bc juvenile, champion racehorses as sires, churchill downs, curlin, darley at jonabell, expectations of stallion prospects, freshmen sires, Kentucky Derby, lantern hill farm, miss netta, motor city, shawgatny, stallion success, star of gdansk, street cry, street sense, suzi shoemaker
The following post appeared earlier this week at Paulick Report.
When a classic winner who was a champion 2-year-old retires to stud, the expectations are naturally high because few horses excel at the highest levels at 2 and 3. But Street Sense was one of those horses.
Third in the G1 Breeders’ Futurity at Keeneland before sailing up the rail to victory in the BC Juvenile at Churchill Downs, Street Sense echoed that form six months later with a narrow loss in the G1 Blue Grass at Keeneland, followed by a well-earned victory in the Kentucky Derby over the Danzig racer Hard Spun and eventual 3-year-old champion Curlin.
Striking early and winning at the top class were important considerations for Street Sense’s prospects as a stallion, and when he was purchased for stud by Darley, he became the well-regarded understudy for his now-famous sire.
The good-looking son of Street Cry was from his sire’s first crop, and Street Sense is one of the reasons that Street Cry is a major international sire. As a big, rangy horse, Street Cry was a staying juvenile who matured well to win the Dubai World Cup at 4, but something less than the world was expected of him.
However, when the stallion delivered a Breeders’ Cup Juvenile winner and 2-year-old champion in Street Sense, Street Cry became a much different horse in the estimation of breeders. And when Zenyatta rose to the top of the class as a 4-, 5-, and 6-year-old, Street Cry became one of the most sought-after stallions in the world.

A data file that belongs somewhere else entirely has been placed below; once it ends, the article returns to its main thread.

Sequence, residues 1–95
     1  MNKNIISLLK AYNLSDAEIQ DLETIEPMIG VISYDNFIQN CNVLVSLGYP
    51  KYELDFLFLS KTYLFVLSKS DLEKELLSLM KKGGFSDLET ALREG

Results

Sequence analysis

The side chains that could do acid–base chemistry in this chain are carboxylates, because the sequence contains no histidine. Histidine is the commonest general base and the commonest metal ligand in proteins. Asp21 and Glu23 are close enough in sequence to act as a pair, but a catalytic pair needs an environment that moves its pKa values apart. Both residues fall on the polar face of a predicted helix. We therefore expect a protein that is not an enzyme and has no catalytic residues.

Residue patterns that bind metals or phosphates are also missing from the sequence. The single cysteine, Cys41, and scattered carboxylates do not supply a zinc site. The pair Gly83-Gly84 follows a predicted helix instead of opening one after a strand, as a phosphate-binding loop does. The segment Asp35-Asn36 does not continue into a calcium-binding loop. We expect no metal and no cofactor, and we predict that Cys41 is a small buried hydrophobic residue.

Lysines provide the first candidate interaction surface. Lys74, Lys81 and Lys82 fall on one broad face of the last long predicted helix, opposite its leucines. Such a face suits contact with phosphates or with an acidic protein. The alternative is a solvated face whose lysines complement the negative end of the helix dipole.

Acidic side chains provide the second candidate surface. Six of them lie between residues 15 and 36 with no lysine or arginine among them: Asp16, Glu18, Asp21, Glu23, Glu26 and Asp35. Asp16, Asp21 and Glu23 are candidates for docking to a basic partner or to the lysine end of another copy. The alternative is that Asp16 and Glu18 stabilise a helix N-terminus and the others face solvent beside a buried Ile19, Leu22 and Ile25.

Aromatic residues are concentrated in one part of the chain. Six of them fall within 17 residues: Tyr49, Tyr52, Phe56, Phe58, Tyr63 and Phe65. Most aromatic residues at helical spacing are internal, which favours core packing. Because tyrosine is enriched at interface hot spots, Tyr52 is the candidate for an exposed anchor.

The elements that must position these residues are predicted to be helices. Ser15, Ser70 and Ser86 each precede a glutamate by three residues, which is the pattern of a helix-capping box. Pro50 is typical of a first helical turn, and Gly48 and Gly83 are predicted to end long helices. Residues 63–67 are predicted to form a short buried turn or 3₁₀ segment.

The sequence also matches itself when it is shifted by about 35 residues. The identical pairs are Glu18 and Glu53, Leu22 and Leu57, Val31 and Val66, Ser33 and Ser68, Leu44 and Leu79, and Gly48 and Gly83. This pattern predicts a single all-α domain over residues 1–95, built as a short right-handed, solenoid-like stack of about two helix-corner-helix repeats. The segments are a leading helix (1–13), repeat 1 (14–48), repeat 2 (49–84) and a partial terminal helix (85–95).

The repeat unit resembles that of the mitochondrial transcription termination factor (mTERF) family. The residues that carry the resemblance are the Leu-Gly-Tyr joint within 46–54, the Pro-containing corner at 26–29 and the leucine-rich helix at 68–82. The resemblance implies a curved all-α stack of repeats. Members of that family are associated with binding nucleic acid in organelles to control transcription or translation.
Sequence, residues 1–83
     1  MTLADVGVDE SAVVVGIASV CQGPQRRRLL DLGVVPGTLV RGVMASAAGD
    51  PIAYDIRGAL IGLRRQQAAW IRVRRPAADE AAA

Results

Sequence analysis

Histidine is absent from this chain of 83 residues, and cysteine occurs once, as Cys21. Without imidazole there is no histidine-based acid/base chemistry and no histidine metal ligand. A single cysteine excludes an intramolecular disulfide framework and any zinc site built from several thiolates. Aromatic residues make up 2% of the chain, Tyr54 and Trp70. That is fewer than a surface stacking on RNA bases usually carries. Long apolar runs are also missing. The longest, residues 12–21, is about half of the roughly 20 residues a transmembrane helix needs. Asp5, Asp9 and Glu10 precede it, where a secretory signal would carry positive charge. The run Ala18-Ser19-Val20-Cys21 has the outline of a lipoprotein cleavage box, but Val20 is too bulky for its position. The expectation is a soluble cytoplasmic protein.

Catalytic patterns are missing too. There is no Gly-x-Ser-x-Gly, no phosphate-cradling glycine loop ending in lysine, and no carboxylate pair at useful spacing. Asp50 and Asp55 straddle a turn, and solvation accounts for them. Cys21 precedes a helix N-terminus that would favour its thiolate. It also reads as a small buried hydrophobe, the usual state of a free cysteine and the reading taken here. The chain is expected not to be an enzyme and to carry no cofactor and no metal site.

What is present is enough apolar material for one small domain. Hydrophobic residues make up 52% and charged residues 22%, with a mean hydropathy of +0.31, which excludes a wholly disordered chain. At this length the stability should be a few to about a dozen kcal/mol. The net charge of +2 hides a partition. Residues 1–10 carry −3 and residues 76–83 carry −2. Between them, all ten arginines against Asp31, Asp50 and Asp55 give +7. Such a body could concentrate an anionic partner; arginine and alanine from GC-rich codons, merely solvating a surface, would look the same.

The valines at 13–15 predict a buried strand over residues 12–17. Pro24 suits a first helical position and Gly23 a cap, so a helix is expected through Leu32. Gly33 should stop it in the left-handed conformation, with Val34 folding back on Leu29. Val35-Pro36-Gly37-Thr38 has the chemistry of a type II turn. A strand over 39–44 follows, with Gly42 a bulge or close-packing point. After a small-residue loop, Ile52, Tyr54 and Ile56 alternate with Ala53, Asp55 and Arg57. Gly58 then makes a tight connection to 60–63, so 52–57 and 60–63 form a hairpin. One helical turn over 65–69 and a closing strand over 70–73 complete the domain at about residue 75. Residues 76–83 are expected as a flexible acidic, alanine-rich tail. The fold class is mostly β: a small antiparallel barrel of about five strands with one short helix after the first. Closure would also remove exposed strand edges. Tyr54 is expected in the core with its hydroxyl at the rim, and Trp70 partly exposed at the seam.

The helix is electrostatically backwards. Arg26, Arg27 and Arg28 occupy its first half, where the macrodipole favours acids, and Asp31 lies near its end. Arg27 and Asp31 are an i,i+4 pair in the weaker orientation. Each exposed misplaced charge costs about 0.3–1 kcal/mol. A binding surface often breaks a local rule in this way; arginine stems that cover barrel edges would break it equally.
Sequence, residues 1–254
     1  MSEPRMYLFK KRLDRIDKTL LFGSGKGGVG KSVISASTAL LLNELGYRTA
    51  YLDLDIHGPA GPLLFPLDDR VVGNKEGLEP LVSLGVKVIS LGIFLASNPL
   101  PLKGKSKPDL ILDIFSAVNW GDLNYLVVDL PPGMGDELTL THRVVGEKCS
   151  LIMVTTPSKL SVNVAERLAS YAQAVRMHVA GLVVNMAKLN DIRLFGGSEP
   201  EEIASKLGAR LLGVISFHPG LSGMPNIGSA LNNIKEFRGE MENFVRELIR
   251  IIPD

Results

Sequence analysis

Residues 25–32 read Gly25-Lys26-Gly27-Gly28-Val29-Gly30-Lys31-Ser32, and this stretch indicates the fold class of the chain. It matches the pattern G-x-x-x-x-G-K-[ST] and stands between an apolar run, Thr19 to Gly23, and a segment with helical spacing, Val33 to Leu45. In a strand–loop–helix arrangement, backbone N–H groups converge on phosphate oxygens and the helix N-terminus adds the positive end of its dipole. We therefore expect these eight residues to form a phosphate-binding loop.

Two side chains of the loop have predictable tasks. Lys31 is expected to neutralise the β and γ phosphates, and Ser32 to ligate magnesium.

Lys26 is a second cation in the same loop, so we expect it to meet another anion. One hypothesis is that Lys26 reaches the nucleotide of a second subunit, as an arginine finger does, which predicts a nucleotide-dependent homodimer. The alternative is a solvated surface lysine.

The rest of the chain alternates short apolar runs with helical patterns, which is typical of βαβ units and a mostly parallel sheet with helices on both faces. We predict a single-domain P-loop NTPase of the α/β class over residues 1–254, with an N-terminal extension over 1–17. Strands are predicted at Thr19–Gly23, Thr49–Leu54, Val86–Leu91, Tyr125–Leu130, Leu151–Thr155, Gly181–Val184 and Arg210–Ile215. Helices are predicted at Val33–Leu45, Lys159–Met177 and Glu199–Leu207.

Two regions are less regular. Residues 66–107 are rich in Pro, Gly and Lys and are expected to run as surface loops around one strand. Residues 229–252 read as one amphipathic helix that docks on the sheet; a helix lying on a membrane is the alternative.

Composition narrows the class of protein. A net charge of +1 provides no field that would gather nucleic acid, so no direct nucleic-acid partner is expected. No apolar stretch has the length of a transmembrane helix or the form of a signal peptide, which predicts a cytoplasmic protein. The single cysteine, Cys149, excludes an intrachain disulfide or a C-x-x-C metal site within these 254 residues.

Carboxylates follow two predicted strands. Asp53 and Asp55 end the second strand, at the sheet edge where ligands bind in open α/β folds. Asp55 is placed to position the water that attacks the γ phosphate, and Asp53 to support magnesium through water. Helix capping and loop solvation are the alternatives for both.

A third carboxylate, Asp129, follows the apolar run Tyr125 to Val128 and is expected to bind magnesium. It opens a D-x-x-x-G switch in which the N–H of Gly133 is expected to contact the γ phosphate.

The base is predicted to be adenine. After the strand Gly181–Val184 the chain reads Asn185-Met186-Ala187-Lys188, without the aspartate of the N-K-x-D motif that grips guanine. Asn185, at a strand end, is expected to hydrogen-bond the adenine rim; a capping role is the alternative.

One of the peculiarities of breeding is that, even if a stallion does not have an unusual number of stakes winners, having really good stakes winners puts a shine on his reputation that little can dull. And that is the case with Street Cry.
The next challenge for the stallion’s escalating reputation is to get sons who sire good horses, and in Street Sense, Street Cry has a son who shares many of the sire’s best qualities and who appears to be passing them along.
In Street Sense, we have a high-class staying 2-year-old who is much like his sire in racing aptitude, although notably more refined and elegant in physique. The Street Sense stock showed surprising maturity and speed in the premium sales of 2-year-olds in training earlier this year, with a fair number of winners (8) to date.
So it is especially noteworthy that Street Sense had his first stakes winner, Motor City, on Sunday in the G3 Iroquois Stakes at Churchill Downs. The gelding was already graded stakes-placed after a third in the Arlington-Washington Futurity in September. In that race, Motor City finished a head in front of the Johannesburg colt No Spin, who also won a stakes over the weekend, and the form lines look reliable.
A Street Sense filly, Miss Netta, closed from last to finish third in the G1 Frizette Stakes at Belmont Park on Oct. 8, and she has been entered in Friday’s Breeders’ Cup Juvenile Fillies at Churchill Downs.
Clearly, the Street Sense stock is improving with maturity and showing better form as the distances increase. Those are qualities that will serve the sire’s reputation and will encourage breeders to continue supporting him.
And that’s important because good stallions need good mares, which is half the story with Motor City.
Motor City was bred and is raced by Lantern Hill Farm, located outside Midway, Ky. Motor City is the 12th foal out of the Danzig Connection mare Shawgatny, who was bred by Lantern Hill, sold as a yearling at the Keeneland summer sale in 1991 for $320,000, then repurchased as a broodmare for $40,000 in the 2002 Keeneland November sale, carrying a filly by Gulch.
Shawgatny’s second foal for Lantern Hill was the stakes-winning filly Satulagi (by Officer), and all the mare’s subsequent foals from Lantern Hill have been winners.
The mare is a full sister to group stakes winner Star of Gdansk, who was also second in the Irish 2,000 Guineas and third in both the Irish Derby and English Derby.
Shawgatny is two years younger than her famous brother, and with his obvious class on the racecourse, she brought the highest price of 29 Danzig Connections sold at auction in 1991. On the racecourse, Shawgatny was in the frame six of her seven starts, with a victory, four seconds, and a third.